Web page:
5. Clara Zetkin – Clara was a German women’s rights activist and a Marxist theorist. She launched the first International Women’s Day in 1911. She was president of “Rote Hilfe”, a left-wing organisation calling workers to unite against fascism. She interviewed Lenin in 1920, asking him to consider “The Women’s Question” (women’s suffrage). She was part of the Communist Party of Germany until 1933, when she was forced to go into exile in Russia due to rising tensions from the Nazi Party. She died that year in Moscow. During her lifetime, Clara was awarded the Order of the Red Banner in 1927 and the Order of Lenin in 1932. In 1954, the GDR (East Germany) developed the Clara Zetkin Medal, to honour women who were particularly prominent in the women’s rights movement. We still celebrate International Women’s Day on 8th March! I owe a lot to Clara, for inspiring me to give presentations to my peers in the week leading up to IWD. She’ll always be my role-model and an example I want to follow – she was fiercely intelligent and unabashed in her political views.

clara zetkin

I hope this has opened your eyes to the sheer range of strong women who have held their own throughout history. Of course, there are far more than the five I’ve selected, so feel free to suggest your own little-known heroines in the comments!

Writing – Olympias

Here it is – the second of my two pieces concerning historical women. I learned about Olympias during my Ancient History GCSE; she was a fascinating woman who had a lot of influence over the way in which Alexander perceived himself and others. She was part of the Cult of Dionysus and associated herself strongly with magic and religion.


Olympias sits alone tonight, with only the tame serpents entwined around her calves for company. The chariot of Apollo races beyond the horizon until she is bathed in the fading twilight. Torches flicker below, flaming brightly as Philip weds Cleopatra Eurydice.

She has not shared a bed with the king for weeks. It gives her a rebellious thrill to discover that she no longer wants to. Philip can rot in the Underworld, she thinks with vehemence, along with his new bride. Let them kiss and caress and copulate there. They do not matter, have never truly mattered. It is only Alexander who matters, the child conceived of a thunderbolt, born in the name of Zeus.

Oh, how she adores him! He is a beautiful boy – a man now, truly. Although he shares his father’s strong build and sandy hair, she sees enough of herself in his melting gaze and soft features that this is counterbalanced. He has the heart of a lion and the keen eyes of a hawk, but his temper is that of a man. He is like the oceans of Poseidon, deceptively calm on the surface, yet a violent churning vortex lies beneath. Perhaps this is how he draws so many men to him, soldiers and poets alike. He is magnetic, charismatic, and he makes her so proud. He is destined for greatness; barely a day goes by that she does not tell him so.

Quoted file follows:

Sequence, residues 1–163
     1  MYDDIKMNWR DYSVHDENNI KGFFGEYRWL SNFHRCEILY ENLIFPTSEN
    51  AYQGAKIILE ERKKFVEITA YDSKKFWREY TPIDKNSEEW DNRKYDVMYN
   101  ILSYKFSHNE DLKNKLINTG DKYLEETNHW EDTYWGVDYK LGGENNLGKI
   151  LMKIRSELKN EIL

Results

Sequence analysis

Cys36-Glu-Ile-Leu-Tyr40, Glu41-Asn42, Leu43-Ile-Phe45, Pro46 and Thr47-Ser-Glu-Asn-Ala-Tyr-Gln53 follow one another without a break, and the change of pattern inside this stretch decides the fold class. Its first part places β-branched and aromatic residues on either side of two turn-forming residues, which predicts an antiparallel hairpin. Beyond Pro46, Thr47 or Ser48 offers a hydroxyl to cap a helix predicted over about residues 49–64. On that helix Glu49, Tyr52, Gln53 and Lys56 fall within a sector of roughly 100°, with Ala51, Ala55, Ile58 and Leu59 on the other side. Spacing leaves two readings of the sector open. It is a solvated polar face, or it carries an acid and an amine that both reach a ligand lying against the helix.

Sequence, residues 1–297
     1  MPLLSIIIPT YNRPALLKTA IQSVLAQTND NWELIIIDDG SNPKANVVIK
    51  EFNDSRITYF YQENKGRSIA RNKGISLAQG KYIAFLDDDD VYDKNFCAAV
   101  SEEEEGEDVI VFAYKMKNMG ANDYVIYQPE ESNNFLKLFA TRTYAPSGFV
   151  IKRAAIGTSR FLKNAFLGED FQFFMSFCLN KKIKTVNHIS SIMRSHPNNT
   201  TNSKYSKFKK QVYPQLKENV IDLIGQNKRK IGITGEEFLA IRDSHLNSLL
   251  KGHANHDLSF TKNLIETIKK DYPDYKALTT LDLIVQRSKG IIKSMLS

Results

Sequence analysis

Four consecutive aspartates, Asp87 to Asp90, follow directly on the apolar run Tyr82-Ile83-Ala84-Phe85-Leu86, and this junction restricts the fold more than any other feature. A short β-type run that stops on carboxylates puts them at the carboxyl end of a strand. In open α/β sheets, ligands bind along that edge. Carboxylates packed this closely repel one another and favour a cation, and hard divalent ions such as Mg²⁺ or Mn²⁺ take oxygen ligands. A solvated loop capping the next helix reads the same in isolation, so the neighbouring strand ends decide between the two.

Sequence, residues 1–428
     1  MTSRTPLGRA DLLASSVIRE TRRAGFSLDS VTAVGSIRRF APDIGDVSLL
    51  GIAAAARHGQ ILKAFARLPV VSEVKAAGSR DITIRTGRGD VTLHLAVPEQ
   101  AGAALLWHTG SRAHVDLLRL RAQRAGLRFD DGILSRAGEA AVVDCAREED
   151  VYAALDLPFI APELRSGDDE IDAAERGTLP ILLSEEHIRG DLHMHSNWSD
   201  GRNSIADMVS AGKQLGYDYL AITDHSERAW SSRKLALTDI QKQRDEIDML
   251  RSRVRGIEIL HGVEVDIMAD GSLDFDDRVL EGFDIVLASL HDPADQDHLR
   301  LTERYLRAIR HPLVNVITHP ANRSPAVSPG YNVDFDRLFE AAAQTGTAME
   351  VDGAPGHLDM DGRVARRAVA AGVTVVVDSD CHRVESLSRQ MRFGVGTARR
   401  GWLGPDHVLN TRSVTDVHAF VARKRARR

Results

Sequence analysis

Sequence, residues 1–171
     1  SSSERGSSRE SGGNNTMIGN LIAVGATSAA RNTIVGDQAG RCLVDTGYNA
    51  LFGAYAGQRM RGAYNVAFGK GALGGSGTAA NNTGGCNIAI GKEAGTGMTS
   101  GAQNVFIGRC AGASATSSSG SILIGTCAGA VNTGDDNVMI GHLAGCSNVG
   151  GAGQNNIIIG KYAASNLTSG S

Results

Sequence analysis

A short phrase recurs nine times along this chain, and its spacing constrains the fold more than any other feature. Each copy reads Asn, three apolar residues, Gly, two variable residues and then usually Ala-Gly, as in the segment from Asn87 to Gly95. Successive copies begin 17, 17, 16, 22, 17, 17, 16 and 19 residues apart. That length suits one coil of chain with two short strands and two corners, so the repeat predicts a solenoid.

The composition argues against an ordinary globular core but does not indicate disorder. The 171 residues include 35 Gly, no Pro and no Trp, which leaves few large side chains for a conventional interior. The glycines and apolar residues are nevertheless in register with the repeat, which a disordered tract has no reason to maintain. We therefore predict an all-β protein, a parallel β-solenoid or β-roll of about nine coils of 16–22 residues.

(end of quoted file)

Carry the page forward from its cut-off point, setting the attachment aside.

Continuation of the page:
She remembers the expression on his face as it was after Chaeronea, the defeat of Thebes and Athens. She could see his triumph in his eyes and in the determined smile on his lips. His cocky confidence was marred only by a twinge of relief. His reputation had been validated. He was extraordinary.

Of course Philip ruined it, in his own special manner. She could have slayed him where he stood for belittling her precious, precious son. How dare he resent Alexander, how dare he presume himself to be her son’s equal. Philip loved glory in all its forms; Alexander earned only the highest, purest victories. Philip refused to accept that Alexander was learning, that he was adapting Philip’s strategies and tactics. He refused to accept it because he was afraid.

Nothing gives her more pleasure than making Philip frightened and uneasy. She surrounds herself with magic and partakes in the most powerful rites. He cannot touch her. At her command, serpents attack, women dominate beyond their status and, soon, a prince will become a king.

She settles back in her chair, eyes closed, finally at ease and deep in thought. She hears the echo of footsteps along the passage outside her room, like the rhythmic beat of war drums. If it is one of the drunken revellers from the wedding, she will set her snakes upon him. Disgruntled, she opens her eyes.

Alexander stands in the doorway. There is none of his usual bright demeanour. His fists are clenched, his jaw is set and a vein is throbbing at his temple.


“Your Majesty,” he says, head bowed and voice surprisingly even. She sits up straighter and offers her outstretched arms, and her son flees to her. Disregarding the serpents, he rests his head against her leg with a sigh of: “Mother.” She places her hand upon his head soothingly.

“What is it that troubles you?”

“He has… he has betrayed me, Mother.” She does not have to ask. She knows precisely who he means.

“He has betrayed us both, my child.”